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Annual meeting of stockholders

Tuesday, April 24, 2012 | North Charleston, South Carolina

IBM 2012 Annual meeting of stockholders
IBM 2012 Annual Meeting of Stockholders

Stock Split

The first web question that was addressed at the meeting related to whether IBM should split its stock. Mr. Palmisano explained that there are many ways that IBM returns value to its stockholders; the company has returned over $137 billion in the form of dividends and share buybacks since 2000. Mr. Palmisano indicated that the company has analyzed the extent to which IBM's stock splits have created stockholder value over the short term, as well as over an annual period of time, as compared to the S&P 500. He noted that there hasn't been any quantitative proof that there's an effect on the actual share price relative to the broader market after a stock split.

Watson

The next web question that was addressed concerned the commercialization of Watson. Ms. Rometty indicated that there have only been three generations of computing. The first generation was comprised of machines that counted; next came machines that were programmable, which is what we know today. The third generation of computing is embodied by Watson: a system that can learn over time.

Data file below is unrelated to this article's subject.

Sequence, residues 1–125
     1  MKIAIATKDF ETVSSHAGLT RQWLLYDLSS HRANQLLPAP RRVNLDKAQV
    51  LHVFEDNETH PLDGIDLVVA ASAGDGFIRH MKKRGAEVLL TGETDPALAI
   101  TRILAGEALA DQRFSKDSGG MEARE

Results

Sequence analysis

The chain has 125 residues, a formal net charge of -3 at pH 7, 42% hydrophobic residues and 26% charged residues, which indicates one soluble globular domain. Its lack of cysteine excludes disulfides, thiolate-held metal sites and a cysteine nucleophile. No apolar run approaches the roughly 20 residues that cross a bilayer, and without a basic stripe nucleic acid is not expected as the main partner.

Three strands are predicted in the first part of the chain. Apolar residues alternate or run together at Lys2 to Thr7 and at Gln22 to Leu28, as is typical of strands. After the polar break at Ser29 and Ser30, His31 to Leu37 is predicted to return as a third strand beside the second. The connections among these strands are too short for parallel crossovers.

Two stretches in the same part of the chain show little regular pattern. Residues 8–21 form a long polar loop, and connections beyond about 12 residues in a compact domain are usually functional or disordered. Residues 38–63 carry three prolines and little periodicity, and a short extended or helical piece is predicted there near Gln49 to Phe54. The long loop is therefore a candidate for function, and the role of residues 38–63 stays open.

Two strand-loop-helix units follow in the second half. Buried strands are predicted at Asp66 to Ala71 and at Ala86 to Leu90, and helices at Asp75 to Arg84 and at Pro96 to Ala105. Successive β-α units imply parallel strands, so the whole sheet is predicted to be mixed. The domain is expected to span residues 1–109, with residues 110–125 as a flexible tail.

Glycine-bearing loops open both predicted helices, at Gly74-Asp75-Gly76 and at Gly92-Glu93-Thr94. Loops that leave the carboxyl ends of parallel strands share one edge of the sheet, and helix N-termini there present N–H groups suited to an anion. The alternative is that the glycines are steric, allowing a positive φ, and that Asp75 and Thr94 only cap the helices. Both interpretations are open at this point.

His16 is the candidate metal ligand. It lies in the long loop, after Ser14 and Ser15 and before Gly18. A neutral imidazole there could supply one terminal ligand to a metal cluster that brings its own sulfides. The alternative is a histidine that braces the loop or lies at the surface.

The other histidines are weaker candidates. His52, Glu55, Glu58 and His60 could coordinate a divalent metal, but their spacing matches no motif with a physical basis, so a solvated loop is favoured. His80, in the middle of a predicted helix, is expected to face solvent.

Ms. Rometty noted that in addition to being able to learn, Watson understands the English language in context; because of those capabilities, Watson is being used in the healthcare context. Most recently, we have been working with Memorial Sloan-Kettering Cancer Center to help physicians with both diagnosing and choosing the proper treatments for cancer patients. She indicated that the initial focus of these efforts is on lung, breast and prostate cancer.

Ms. Rometty further noted that Watson would also be commercialized in the financial services industry. One of the first solutions would enhance retail banking for consumers.

Social Media

The final web question addressed was about opportunities for IBM from social media and social networking. Ms. Rometty indicated that these forms of communication, as well as tools like smartphones, create an opportunity for IBM and our clients. For example, we can use our Smarter Analytics to analyze the large amounts of available information, and IBM's Smarter Commerce helps companies deal with processes and customers. IBM's Social Business has allowed us to create an enterprise-secure set of software for social media; Ms. Rometty added that this is reflected in the form of a product called IBM Connections, which now has 600,000 users comprised of IBMers and IBM partners. She concluded that these social tools create excellent opportunities for IBM's business.